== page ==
The central character was always Thomas The Rhymer. This all started out as a novella, “T. Rhymer,” which was co-written with Jonathan Maberry for an anthology called Dark Duets. I first-drafted it and then Jonathan came in and revised and polished, and we ping-ponged it until we were very pleased. That novella is set in the current day, with Thomas still battling the elves he’s been fighting for 800 years. So, we wrapped up that novella and both of us went off to other projects. In Jonathan’s case, I think that was maybe a hundred other projects. Initially, I had tried writing an origin story of Thomas for that anthology, but it was just too big a story and would not be reduced. It also continued to call to me while I was ignoring it and working on other projects. It just wanted to be written. So I got Jonathan to green-light my taking possession of Thomas for now, and I wrote the origin story, mixing real historical details with impossible fantasy tinged with a little sci-fi.

Why did you want to write a story about Thomas The Rhymer, and especially one that isn’t historically accurate?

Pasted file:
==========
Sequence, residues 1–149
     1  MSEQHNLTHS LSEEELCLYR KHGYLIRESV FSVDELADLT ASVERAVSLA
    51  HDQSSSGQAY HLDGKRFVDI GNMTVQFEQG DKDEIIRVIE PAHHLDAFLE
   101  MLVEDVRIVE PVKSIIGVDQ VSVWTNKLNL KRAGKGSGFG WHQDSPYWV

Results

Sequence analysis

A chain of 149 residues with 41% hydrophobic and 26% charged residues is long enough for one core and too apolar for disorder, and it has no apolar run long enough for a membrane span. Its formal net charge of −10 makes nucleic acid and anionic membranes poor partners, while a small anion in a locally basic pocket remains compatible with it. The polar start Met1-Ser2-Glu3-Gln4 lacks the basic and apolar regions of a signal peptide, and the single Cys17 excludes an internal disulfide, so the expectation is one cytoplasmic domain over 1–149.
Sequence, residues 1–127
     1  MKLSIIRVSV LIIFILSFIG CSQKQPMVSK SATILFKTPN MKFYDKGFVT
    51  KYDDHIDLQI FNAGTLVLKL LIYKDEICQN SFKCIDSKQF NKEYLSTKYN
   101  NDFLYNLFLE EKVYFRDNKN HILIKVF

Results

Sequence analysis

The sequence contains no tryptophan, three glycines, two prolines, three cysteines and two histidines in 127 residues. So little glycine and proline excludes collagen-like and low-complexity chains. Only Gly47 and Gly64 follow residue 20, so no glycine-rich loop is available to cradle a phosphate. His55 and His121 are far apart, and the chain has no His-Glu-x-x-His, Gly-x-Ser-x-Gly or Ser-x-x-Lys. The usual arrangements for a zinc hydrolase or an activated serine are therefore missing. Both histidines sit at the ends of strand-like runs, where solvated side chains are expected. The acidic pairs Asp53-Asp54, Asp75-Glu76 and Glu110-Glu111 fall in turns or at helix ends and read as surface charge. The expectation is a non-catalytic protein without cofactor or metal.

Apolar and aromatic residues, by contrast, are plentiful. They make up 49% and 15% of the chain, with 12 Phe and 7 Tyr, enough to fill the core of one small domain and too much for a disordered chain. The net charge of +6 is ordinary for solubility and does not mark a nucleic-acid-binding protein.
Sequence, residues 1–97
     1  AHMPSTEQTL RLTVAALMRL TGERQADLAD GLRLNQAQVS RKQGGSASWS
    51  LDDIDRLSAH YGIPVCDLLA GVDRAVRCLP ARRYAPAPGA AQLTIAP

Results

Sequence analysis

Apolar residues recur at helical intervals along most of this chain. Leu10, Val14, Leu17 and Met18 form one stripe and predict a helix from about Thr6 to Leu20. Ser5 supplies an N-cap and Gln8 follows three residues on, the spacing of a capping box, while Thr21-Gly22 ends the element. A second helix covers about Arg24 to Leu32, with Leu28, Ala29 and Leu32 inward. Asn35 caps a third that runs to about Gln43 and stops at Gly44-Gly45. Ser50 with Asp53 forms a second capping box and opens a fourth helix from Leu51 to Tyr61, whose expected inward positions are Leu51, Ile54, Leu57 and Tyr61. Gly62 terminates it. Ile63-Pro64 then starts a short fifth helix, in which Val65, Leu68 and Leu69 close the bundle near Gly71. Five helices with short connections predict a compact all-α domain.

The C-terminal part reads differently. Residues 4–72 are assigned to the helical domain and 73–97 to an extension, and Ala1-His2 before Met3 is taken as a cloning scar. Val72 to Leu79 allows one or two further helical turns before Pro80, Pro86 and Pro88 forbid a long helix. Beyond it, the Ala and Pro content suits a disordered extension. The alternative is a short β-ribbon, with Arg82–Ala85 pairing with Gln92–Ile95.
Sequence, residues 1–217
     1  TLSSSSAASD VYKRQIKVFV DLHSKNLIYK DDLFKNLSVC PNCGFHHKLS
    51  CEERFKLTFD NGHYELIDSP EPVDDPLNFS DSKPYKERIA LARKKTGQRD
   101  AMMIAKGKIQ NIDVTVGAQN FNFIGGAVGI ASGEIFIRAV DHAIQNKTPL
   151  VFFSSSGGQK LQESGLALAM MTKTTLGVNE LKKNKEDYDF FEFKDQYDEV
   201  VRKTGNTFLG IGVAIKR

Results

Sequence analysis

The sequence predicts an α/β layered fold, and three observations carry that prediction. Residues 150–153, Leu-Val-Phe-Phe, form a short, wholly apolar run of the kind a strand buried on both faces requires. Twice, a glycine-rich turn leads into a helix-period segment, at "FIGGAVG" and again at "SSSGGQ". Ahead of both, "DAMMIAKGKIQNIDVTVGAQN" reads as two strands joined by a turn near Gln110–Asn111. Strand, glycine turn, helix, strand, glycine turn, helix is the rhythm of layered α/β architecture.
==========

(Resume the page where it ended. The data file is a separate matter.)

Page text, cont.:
The main thing I did not want to do was retell “Thomas The Rhymer.” That’s already been done to perfection by Ellen Kushner. If you want that story, you’ll find no better rendition. This is more reinterpretation of some elements of these ballads. But there’s a lot of historical accuracy in Rhymer as well as invention: this is a time period where towns as a concept of organization were forming and the king, David, decided who got to be one; Melrose Abbey, which features prominently in the novel was being constructed; the mercenaries of the period, the political turmoil of the period — these and a lot more figure into the book.

And where did you get the idea to have Thomas The Rhymer fight alien invaders that people mistake for elves and fairies?